Signs You May Have Arthritis in your Hands

As you age, you may start to feel some of this joint pain while performing daily activities. There is a fine line between arthritis symptoms and bumps and bruises. Be aware of the specific signs that you may have arthritis of the hand. Beyond typical soreness, arthritis may come with fever symptoms or added fatigue. You may also find your hands feel incredibly stiff in the morning or your pain comes on quickly without cause. Numbness and tingling are also signs that something more serious could be going on. If you see any of these signs, consult a health care provider immediately to see your treatment options for joint stiffness or inflammation.


As with any medical condition, there are specific lists of the symptoms that accompany all types of arthritis. You may not experience all of these when dealing with arthritis of the hand, but they may be a confirmation that you have this chronic condition. Once the symptoms become obvious, you can take steps to find the most effective treatments and to know what type of arthritis you have. Let’s break down the exact symptoms you may encounter with each different case of arthritis from the early stage to a more advanced case.



– Stiffness
– Swelling
– Pain while performing everyday tasks
– Pain even while resting your hands
– Redness
– A decreased range of motion

Osteoarthritis symptoms
– Nodules or lumps on your fingers
– Pain specifically around your thumb and wrists
– Inability to grasp and pick things up
– Stiff joints specifically in the morning

Rheumatoid Arthritis Symptoms
– Pain specifically in the wrists and knuckles
– Problems straightening your fingers
– Fatigue throughout the whole body
– Fever and body aches

Post-Traumatic Arthritis Symptoms
– Swelling at the sight of your injury
– A broken bone not healing correctly


High Risk Factors

With so many people suffering from the progression of the disease, you may be curious what your own risk factors are. Of course, every person’s body is unique so your joint inflammation or cartilage strength will be different from other patients. However, there are certain risk factors that you should look out for.

Because rheumatoid arthritis is a genetic condition, your family history will play a part in your risk factors. If you have immediate family who suffer from joint pain, there is a chance you may also deal with arthritis as you age.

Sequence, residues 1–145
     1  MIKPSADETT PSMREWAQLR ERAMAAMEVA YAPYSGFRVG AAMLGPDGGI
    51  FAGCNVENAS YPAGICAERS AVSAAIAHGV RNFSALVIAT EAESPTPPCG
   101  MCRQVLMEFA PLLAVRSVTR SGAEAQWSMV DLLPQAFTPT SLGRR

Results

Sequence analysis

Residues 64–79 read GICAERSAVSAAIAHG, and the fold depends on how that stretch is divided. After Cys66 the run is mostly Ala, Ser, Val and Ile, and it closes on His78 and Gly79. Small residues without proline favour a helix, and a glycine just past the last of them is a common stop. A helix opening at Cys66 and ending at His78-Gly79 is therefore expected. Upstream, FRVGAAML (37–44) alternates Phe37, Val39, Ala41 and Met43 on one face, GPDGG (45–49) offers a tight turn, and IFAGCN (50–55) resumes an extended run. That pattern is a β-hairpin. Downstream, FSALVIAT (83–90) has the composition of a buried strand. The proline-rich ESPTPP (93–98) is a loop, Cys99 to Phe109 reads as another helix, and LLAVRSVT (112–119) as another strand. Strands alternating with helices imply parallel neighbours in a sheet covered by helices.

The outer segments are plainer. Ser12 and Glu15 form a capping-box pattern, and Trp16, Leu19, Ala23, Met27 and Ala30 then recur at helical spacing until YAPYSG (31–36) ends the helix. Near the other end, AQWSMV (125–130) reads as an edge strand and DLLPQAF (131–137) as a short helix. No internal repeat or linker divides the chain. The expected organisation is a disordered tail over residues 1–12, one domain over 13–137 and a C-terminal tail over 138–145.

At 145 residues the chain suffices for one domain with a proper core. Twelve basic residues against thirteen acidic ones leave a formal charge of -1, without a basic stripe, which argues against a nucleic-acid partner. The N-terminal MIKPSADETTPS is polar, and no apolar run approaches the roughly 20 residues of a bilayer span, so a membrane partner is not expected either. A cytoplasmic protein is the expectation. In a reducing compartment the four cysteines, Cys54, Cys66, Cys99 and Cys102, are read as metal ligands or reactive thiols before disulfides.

Speaking of age, that is a big risk factor as well. Getting older is a part of life. And as you age, your body naturally starts to break down in different ways. Your hands are overused and can experience joint injury and pain. It’s simply a part of aging.

One risk factor that you can’t do much to change is your gender. Women are more likely to develop arthritis of the hand. While men may be more likely to come down with gout or arthritis in other parts of the body, women are more likely to experience stiffness and swelling in the hands.

Your lifestyle choices can also affect your risk of getting arthritis. If you use your hands in intricate ways at your job, your cartilage may wear down quicker than someone who doesn’t use their hands often. Also, if you’ve experienced a lot of injury to your hands that may be a sign of arthritis or a risk that your joint lining may be damaged.

Getting a Diagnosis

As you look for treatment options, it can be good to first get an official diagnosis. Oftentimes this will require a conversation with your medical provider where they will ask you a series of questions about your symptoms. Be prepared to answer questions about what pain you are experiencing, how often it occurs, and what you do to soothe the discomfort. Then, you may experience a physical examination or an X-Ray. Doctors will then be able to nail down if you have inflammatory arthritis or a chronic, genetic condition. From there you’ll be able to pursue surgical options, physical therapy, or other treatments.



Having an official diagnosis can be reassuring because you have a starting point to plan your treatments. To get optimal care, consult a professional. They will give you an idea of hand therapy to try or medical approaches for more severe arthritis.